Sunday, February 12, 2012

Goats in the Cold

Imagine lying cozily in a soft bed with food piled all around you, listening to the storm raging outside.  Your friends are around you so you won't be lonely, and when you are hungry, you can just reach out for a snack.  That's how I like my goats to go through a cold snap.

When I first started to keep goats, I did  what I thought was a favour for them by buying the best alfalfa hay I could find.  It was a nasty shock to find the poor animals shivering violently as soon as it started to get cold.  I turned to my goat "bible", Goat Husbandry, and I will always be grateful to David MacKenzie for his clear explanation of this problem.

Goats eat fast, swallowing their food barely chewed into their rumen, or first stomach.  In the rumen, bacteria start to break it down and they create a lot of heat in this process.  The rumen becomes a kind of portable central heating system for the goat.  If the food in the rumen is easily digested, the fuel for the heating system is quickly used up and the furnace goes out.  If the food in the rumen is coarse, the heat lasts much longer.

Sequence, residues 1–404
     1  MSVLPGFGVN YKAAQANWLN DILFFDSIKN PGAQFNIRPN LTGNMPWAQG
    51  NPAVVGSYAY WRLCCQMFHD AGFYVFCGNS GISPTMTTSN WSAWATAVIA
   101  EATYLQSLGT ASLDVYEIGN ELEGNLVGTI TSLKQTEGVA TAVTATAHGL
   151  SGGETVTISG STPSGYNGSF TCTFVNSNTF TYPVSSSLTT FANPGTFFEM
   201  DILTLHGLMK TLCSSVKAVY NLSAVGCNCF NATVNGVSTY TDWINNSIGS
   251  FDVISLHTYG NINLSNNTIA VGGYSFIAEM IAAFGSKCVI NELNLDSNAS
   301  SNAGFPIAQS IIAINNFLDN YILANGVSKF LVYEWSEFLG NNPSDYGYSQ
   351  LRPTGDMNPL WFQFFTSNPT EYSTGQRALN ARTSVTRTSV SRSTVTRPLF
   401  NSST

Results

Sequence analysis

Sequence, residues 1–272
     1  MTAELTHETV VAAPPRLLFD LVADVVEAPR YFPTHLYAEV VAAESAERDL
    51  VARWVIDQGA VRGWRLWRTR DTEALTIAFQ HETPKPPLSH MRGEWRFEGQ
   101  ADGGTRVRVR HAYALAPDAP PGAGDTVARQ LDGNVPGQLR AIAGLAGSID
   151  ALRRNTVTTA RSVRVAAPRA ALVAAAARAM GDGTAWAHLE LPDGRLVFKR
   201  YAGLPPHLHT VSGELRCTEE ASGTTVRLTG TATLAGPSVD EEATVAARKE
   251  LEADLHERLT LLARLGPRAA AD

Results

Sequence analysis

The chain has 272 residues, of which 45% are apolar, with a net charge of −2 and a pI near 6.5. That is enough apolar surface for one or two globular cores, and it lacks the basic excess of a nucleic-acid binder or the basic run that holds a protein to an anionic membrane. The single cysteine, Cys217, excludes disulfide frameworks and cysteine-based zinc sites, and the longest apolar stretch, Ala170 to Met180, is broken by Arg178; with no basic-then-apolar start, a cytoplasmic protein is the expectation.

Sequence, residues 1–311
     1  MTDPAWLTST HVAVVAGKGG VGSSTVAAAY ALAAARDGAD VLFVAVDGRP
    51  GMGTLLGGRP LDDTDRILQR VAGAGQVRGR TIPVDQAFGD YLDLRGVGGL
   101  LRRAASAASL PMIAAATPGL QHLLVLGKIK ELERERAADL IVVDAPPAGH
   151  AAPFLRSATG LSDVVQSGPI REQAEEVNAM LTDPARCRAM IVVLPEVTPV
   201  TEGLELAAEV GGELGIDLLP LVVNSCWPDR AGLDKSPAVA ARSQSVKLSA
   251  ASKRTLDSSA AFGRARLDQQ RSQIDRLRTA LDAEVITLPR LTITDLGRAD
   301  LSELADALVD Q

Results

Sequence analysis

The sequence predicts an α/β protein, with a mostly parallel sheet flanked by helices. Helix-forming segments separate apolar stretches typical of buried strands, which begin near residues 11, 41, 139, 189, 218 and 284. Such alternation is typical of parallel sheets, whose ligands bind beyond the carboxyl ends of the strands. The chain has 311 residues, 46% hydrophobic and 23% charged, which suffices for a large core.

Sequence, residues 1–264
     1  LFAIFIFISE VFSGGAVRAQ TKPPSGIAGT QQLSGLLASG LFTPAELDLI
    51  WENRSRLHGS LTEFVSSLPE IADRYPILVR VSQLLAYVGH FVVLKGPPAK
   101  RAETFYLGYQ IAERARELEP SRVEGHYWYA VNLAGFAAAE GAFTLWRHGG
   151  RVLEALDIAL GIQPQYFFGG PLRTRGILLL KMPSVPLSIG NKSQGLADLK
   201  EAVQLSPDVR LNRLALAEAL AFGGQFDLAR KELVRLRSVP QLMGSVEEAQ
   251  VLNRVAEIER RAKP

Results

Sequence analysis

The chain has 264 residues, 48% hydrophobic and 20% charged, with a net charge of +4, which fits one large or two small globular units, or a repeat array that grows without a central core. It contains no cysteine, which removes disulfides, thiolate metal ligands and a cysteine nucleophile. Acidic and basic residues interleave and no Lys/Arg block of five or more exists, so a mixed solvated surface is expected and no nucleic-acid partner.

Now, when the weather turns very cold, I break out a couple of bales of coarser hay for the herd.  (It's still tasty hay, just not as fine as what they normally get.)  I pile it up everywhere in the barn so that they can use it as a bed as well as dinner, and they get through the cold snap with barely a shiver.

(all photos by Laura Kelsey)

1 comment:

  1. Yeah, goats are strange creatures, but you gotta love 'em. I'm awaiting my senior goat to kid sometime today. Usually I just let them get bred so they're due in march or April. They kinda got caught early. So I have 2 goats due this week. Brrrrrr...